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    Posted 6 months ago

    (1364 items)

    This showing prompted quite by accidental diversion, from CW member dsither445 seeking info and sharing pics about an old apothecary bottle. I don't know the slightest thing about the bottle, but noticed the advertising ruler also pictured with it -- THAT seemed to be a company name I am familiar with. Asked the question via comment and dsither445 kindly replied and added a couple more photos showing the ruler itself -- turns out I was correct in my guess?!! :-)

    SO, here's some examples of my own personal experience with the now more obscure* products of the Spencer Turbine Company. Few people have seen these machines, even fewer have witnessed them running, most that have seen them likely didn't know what the heck they were or what they did. While I can't now find reference on their website above to show it, the very same Spencer Company was very well known for building 'industry standard' blower machinery to generate the air power needed to operate pipe organs -- in the earliest years of the company and into the mid 20th century organ blowers were a primary product line, with the machines (of various shapes and sizes) finding their way into the basements and attics of churches, theatres, and auditoriums from coast to coast in the USA and beyond. MANY, MANY of those machines remain in active duty to this day, up to and including some of the very oldest that are truly "antique" now unto themselves. Most of that earliest production data is also now known, via original factory records rescued (by pipe organ fans, no pun intended there) from oblivion during an office/factory relocation in the 1950's or so.

    BUT ANYWAYS, here's a few examples of things that came from Hartford... ;-)

    Pic 1 is a pair of nameplates in my personal collection from machines that have now passed into history...sadly they can't all be saved. The larger SPENCER STEEL ORGOBLO plate was machine #19666, the smaller SPENCER ORGOBLO plate was #25694. (I have one or two more of these plates around here someplace too, but not handy) Pics 2 & 3 are (mid sized, about 4' tall) ORGOBLO machine #22817 now sitting unused with its front end off, one of the inner rotary 'fans' can thus be seen in #3 and its very heavy 1150RPM CENTURY ELECTRIC motor shows in #2. Pic 4 is a SPENCER ORGOBLO JUNIOR (about 18" tall) #5699, currently remaining in service. These smallest Orgoblos often served ancillary duty either for a little extra pressure, or running in reverse to generate a certain amount of vacuum instead. The largest Orgoblos can easily be double + the size of the big one here.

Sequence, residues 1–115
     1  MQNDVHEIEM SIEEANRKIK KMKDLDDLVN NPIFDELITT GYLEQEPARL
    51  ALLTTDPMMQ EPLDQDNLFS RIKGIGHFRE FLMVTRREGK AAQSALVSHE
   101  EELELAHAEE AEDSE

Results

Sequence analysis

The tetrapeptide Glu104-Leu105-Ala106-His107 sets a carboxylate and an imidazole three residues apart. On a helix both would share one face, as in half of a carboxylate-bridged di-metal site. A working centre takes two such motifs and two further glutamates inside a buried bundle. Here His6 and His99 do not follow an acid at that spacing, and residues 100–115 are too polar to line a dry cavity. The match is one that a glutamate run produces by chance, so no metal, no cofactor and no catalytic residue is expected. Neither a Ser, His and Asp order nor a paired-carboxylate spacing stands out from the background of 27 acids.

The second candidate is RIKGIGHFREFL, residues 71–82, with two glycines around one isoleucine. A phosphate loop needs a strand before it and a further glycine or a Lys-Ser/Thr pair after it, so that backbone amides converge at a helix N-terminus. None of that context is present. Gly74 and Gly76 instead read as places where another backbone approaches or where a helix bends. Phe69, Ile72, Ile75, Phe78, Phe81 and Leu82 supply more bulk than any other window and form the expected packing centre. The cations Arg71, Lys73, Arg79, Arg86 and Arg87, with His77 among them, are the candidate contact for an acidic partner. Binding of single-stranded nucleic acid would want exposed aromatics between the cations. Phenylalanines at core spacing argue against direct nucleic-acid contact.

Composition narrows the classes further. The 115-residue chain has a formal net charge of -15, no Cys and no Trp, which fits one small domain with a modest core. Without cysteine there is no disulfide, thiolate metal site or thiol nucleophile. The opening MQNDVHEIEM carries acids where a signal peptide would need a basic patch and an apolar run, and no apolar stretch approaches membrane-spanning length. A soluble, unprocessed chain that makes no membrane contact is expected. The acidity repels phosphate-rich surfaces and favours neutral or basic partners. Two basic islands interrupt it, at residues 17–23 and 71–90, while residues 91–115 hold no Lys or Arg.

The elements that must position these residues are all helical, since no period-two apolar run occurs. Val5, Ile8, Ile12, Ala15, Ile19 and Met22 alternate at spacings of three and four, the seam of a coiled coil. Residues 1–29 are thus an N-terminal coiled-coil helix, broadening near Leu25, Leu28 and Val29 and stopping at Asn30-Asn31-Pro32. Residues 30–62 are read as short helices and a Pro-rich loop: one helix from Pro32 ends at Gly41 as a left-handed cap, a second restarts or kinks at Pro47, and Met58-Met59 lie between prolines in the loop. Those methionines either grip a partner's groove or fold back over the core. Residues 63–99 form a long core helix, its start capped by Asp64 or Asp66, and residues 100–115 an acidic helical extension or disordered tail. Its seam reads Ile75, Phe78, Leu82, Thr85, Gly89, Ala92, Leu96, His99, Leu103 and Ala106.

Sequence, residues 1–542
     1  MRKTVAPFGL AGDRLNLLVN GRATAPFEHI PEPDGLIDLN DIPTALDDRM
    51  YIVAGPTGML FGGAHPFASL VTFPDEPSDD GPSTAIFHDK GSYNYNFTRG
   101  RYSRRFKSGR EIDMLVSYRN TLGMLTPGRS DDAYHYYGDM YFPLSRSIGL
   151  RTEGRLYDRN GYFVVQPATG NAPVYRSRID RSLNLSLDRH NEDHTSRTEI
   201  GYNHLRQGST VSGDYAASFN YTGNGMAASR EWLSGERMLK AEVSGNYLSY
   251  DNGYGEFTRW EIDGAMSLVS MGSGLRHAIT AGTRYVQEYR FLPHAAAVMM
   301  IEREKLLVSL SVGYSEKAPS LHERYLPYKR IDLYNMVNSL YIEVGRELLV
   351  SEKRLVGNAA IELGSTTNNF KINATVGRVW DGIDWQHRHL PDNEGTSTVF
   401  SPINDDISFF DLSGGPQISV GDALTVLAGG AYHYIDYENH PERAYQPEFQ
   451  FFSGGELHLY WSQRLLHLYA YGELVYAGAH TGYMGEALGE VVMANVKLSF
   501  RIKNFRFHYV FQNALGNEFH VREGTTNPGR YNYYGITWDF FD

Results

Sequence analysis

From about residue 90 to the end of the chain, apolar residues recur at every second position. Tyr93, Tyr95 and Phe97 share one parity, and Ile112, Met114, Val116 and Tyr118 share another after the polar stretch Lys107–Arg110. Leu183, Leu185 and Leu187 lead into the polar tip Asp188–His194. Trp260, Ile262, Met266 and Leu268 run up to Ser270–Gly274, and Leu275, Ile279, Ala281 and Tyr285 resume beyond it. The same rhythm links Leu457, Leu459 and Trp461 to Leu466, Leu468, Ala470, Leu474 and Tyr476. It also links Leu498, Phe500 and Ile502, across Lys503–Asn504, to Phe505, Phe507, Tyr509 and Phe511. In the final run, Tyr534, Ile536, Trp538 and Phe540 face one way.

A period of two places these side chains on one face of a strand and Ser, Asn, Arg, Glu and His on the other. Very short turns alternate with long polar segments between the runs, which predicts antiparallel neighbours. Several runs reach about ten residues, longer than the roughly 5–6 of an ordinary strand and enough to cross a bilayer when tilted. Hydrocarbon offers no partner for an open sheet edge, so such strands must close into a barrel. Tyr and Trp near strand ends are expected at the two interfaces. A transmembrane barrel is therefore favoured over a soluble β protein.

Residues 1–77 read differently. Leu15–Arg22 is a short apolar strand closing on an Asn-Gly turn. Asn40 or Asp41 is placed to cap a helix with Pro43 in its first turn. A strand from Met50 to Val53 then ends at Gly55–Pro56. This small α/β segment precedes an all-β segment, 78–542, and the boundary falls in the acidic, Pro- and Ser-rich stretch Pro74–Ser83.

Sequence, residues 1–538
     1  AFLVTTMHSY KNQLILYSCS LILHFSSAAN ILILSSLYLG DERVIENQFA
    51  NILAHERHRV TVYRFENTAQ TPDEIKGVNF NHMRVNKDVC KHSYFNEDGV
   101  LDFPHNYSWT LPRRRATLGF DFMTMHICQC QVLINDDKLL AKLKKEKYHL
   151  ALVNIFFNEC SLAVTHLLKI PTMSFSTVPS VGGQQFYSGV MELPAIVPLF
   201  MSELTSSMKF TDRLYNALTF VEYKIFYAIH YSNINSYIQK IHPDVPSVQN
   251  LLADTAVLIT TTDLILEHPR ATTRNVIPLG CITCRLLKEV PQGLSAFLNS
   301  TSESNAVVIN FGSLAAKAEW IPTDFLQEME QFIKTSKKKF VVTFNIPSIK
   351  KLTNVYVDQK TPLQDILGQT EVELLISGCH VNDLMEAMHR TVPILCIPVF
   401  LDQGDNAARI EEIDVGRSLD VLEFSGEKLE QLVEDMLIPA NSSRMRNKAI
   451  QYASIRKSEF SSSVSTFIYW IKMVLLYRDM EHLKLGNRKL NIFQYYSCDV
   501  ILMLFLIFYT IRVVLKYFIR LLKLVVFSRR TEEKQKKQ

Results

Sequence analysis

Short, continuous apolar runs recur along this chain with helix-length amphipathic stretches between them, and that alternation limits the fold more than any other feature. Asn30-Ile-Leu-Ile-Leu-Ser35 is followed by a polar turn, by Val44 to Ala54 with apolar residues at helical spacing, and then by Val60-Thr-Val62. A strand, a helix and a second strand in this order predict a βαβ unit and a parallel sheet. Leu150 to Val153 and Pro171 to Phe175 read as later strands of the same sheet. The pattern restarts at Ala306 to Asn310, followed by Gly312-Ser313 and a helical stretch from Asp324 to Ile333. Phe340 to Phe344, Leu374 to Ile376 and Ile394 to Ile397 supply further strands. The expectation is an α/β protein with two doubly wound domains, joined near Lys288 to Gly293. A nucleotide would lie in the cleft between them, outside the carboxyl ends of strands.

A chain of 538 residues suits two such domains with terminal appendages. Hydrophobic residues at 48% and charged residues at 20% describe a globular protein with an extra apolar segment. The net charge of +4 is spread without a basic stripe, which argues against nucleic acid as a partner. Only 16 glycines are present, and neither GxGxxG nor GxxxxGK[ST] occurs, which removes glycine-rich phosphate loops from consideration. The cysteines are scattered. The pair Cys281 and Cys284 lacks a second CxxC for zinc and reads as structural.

Another perhaps obscure* duty for similar SPENCER machines (over time) is indeed to provide vacuum instead of pressure, for centralized vacuum cleaner installations in large buildings, opulent homes, and even carwashes. I'd imagine machines for these duties didn't include the Orgoblo name, but the engineering that went into them isn't all that different and the outer look is unmistakable...?

    Oh, and the scales on the back of dsither445's rule indicate various measures of air pressure such as would be encountered in modern day HVAC systems, as well as industrial applications and -- you guessed it -- pipe organs. As far as I know as of this writing, one could still contact Spencer and order a brand new Orgoblo to be built, but I also wouldn't be surprised if the first one or two people answering a phone wouldn't have any idea what you were asking about...??

    [* = see how I nearly worked my own screen name into this description, twice? <lol>]

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